Tag Archives: Ua Huka

Peperomia pallida (G. Forst.) A. Dietr.

Peperomia pallida

Distribution:

Austral Islands: Raivavae, Rapa, Rimatara, Rurutu, Tubuai
Cook Islands: ‘Atiu, Mangaia, Ma’uke, Miti’aro, Rarotonga
Marquesas: Fatu Hiva, Hiva Oa, Nuku Hiva, Tahuata, Ua Huka, Ua Pou
Niue
Samoa: Savai’i, Tutuila, ‘Upolu
Society Islands: Bora Bora, Huahine, Maupiti, Me’eti’a, Mo’orea, Ra’iatea, Taha’a, Tahiti
Tonga: Niuatoputapu, Tafahi, ‘Uta Vava’u
Tuamotu Archipelago: Anaa, Makatea, Niau
Wallis & Futuna: Alofi, Futuna

local names: –

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There are some forms of hybrid origin, Peperomia x abscondita and Peperomia pallida x societatis J. W. Moore.

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Boehmeria virgata (Forst. f.) Guillemin

Boehmeria virgata

Distribution:

Austral Islands: Rapa
Fiji: Gau, Kadavu, Koro, Ovalau, Taveuni, Vanua Levu, Viti Levu
Marquesas: Fatu Hiva, Hiva Oa, Nuku Hiva, Tahuata, Ua Huka, Ua Pou
Samoa: Savai’i, Tutuila, ‘Upolu
Society Islands: Mo’orea, Ra’iatea, Taha’a, Tahiti
Tonga

local names:

ake – Tahuata / Marquesas
dogosele – Fiji
dredre – Fiji
kalolo – Fiji
kaulolo – Fiji
ona – Tahuata / Marquesas
pute – Marquesas
rabe – Fiji
rabi – Fiji
roa – Raiatea / Society Islands
tautau – Fiji
vairoa – Tahiti / Society Islands

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References:

[1] Albert C. Smith: Flora Vitiensis Nova: A new flora of Fiji (Spermatophytes only). Vol. 2. Lawai, Kauai, Hawaii 1981

Fimbristylis cymosa R. Br.

Hurricane-Grass (Fimbristylis cymosa)

Distribution:

Austral Islands: Rimatara, Rurutu, Tubuai
Cook Islands: ‘Atiu, Mangaia, Manihiki, Manuae, Ma’uke, Miti’aro, Nassau, Palmerston, Pukapuka, Rakahanga, Rarotonga, Suwarrow, Tongareva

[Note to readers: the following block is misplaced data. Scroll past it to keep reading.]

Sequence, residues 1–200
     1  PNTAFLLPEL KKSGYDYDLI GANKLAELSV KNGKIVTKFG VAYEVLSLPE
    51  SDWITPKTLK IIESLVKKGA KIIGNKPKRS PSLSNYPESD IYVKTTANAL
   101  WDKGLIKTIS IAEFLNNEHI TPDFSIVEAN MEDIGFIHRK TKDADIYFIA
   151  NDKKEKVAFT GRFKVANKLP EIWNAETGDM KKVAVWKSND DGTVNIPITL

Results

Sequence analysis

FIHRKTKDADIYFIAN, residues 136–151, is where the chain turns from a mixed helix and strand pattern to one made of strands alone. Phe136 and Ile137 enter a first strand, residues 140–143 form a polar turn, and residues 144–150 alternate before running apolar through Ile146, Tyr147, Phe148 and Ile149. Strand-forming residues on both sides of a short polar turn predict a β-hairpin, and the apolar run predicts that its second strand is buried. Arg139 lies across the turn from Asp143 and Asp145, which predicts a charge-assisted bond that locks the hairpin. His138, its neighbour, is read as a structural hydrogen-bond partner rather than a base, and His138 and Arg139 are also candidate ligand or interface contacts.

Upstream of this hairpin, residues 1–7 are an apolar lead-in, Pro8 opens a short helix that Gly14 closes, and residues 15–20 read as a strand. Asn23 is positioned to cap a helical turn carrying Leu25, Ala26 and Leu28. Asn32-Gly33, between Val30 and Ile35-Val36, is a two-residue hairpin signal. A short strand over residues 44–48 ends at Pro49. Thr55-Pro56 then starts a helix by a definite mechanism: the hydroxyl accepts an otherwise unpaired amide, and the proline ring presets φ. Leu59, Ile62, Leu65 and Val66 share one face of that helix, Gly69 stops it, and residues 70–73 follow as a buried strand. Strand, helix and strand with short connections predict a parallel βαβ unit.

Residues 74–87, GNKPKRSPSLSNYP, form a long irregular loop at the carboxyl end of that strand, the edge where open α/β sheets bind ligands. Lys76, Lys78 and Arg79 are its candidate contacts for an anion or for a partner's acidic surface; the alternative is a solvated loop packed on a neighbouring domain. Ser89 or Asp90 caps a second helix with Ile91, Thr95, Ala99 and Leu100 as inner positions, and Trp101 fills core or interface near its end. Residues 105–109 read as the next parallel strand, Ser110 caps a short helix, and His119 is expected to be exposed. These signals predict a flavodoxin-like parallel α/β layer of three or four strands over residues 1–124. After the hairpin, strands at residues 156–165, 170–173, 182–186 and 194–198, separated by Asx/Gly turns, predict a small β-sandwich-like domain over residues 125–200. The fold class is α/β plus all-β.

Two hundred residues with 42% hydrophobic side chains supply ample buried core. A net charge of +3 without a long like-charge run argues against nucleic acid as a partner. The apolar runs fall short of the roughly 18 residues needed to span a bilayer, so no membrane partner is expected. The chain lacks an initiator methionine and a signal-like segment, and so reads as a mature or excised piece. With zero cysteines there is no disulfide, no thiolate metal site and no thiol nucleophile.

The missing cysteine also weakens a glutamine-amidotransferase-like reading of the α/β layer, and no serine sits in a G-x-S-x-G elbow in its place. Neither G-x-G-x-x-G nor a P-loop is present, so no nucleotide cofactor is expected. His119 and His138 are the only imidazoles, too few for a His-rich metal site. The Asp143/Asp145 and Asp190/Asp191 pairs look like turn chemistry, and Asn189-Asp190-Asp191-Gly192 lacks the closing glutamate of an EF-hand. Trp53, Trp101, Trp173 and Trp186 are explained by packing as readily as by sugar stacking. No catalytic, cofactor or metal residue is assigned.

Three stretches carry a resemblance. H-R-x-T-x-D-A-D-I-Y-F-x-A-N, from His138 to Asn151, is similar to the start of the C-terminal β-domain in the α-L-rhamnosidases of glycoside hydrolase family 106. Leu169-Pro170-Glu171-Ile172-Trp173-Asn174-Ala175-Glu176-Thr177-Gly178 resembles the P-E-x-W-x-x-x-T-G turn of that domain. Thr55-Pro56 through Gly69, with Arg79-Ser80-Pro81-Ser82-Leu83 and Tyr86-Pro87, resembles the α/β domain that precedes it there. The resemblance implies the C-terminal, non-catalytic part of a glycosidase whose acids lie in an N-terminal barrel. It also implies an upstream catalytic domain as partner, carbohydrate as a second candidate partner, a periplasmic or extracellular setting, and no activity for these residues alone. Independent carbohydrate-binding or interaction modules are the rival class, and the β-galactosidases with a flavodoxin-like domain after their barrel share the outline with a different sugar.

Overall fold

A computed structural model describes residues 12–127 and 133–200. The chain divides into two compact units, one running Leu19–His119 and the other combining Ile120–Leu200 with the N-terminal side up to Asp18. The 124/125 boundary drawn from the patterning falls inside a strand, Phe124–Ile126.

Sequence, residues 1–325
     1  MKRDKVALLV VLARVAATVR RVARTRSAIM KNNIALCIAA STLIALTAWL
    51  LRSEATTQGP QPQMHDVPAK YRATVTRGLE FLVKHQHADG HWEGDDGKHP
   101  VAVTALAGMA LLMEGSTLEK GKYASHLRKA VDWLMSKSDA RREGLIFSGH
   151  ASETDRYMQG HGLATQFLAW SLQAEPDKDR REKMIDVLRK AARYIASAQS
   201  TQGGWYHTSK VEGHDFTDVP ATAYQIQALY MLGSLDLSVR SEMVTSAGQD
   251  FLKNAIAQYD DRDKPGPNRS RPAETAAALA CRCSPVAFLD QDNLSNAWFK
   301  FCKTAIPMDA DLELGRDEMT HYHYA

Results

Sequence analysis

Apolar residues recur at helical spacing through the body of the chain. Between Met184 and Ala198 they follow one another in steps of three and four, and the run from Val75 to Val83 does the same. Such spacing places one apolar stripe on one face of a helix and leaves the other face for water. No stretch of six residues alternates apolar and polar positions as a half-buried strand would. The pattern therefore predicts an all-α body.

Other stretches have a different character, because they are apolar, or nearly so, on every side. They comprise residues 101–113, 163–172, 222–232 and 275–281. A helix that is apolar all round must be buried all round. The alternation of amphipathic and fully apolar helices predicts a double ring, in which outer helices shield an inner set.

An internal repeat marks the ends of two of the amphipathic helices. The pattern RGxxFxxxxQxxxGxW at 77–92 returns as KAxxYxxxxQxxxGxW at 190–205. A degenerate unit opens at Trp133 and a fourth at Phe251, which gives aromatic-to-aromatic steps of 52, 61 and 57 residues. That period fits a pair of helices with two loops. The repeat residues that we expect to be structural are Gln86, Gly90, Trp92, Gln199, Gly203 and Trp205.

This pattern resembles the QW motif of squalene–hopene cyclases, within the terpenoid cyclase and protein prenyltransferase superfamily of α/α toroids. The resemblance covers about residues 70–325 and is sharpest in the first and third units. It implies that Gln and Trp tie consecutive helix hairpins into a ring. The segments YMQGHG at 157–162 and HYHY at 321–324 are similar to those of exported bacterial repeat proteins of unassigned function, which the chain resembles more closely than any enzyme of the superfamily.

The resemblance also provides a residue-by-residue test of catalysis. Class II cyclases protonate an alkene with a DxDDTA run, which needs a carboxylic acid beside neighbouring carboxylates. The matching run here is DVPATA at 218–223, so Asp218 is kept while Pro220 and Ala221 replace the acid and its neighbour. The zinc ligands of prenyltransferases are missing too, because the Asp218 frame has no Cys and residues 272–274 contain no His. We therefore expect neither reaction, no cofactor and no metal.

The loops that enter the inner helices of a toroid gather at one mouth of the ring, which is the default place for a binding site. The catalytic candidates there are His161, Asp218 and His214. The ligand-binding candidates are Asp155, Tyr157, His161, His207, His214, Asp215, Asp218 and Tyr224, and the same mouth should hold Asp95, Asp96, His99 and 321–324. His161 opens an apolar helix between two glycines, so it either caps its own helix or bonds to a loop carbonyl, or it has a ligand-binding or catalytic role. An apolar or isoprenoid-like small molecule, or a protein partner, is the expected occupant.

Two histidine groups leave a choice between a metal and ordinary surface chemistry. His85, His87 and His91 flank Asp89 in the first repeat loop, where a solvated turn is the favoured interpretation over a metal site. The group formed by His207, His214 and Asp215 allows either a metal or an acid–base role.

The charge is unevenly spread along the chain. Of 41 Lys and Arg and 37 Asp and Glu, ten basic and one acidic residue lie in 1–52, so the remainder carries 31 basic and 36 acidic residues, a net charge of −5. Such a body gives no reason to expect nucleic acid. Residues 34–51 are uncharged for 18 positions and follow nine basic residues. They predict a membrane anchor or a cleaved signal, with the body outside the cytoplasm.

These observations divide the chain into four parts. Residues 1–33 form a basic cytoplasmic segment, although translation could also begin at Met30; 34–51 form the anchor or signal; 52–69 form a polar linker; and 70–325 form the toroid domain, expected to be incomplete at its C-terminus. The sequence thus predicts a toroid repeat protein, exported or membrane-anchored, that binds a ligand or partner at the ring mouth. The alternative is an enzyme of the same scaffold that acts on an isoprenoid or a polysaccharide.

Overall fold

Fiji: Rotuma, Viti Levu
Gambier Islands: Mangareva, Taravai, Totegegie
Hawai’i Islands: French Frigate Shoals, Hawai’i, Kaua’i, Kure, Lana’i, Laysan, Lehua, Maui, Midway, Moloka’i, Ni’ihau, O’ahu
Kiribati: Abariringa, Baker Island, Enderbury Island, Jarvis Island, Kiritimati, Manra, Nikumaroro, Orona, Palmyra-Atoll, Tabuaeran, Teraina
Marquesas: Eiao, Ua Huka
Niue
Pitcairn Islands: Henderson Island
Samoa: ‘Aunu’u, Fanuatapu, Nu’ulua, Nu’utele, Ofu, Olosega, Savai’i, Ta’u, Tutuila
Society Islands: Bora Bora, Huahine, Maiao, Me’eti’a, Mo’orea, Ra’iatea, Taha’a, Tahiti, Tetiaroa, Tupai
Tokelau: Atafu, Fakaofo, Nukunonu, Olohega
Tonga: ‘Eua, Fafa, Fukave, Malinoa, Manima
Tuamotu Archipelago: Apataki, Hao, Makatea, Manihi, Niau, Rangiroa, Takapoto, Tenarunga, Tikehau, Toau
Tuvalu: Nui
Wallis & Futuna: Futuna, ‘Uvea

local name:

mati upoo – Tuamotu Archipelago
mauku – ‘Atiu, Manihiki, Rakahanga, Tongareva / Cook Islands
mau’u’aki’aki – Hawai’i Islands
mouku – Tuamotu Archipelago
kukuti – Tuamotu Archipelago
pako pako – Tahiti / Society Islands
papa ‘enua – Ma’uke / Cook Islands
pupu – Rotuma / Fiji
te uteute ni mane – Kiribati
tuise – Tokelau
tumu ‘enua – Palmerston / Cook Islands
uti’uti hu’a – Society Islands
vayavaya – Nassau, Pukapuka / Cook Islands

~~~

Two of three accepted subspecies of this species are known to occur within the Polynesian region, Fimbristylis cymosa ssp. cymosa R. Br. and Fimbristylis cymosa ssp. umbellatocapitata (Hillebr.) T. Koyama.

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References:

[1] Albert C. Smith: Flora Vitiensis Nova: A new flora of Fiji (Spermatophytes only). Vol. 1. Lawai, Kauai, Hawaii 1979

Boerhavia repens L.

Boerhavia repens

Distribution:

Hawai’i Islands: French Frigate Shoals, Hawai’i, Kaho’olawe, Kaua’i, Ka’ula, Kure, Lana’i, Laysan, Lehua, Lisianski, Maui, Midway, Moloka’i, Ni’ihau, O’ahu, Pearl and Hermes
Kiribati: Karoraina, Kiritimati, Malden Island, Starbuck Island, Vostok Island
Marquesas: Mohotani, Nuku Hiva, Ua Huka
Niue (?)
Samoa: Ofu, Olosega, Ta’u, Tutuila

local names:

alena – Hawai’i Islands
anena – Hawai’i Islands
nena – Hawai’i Islands
te wao – Kiribati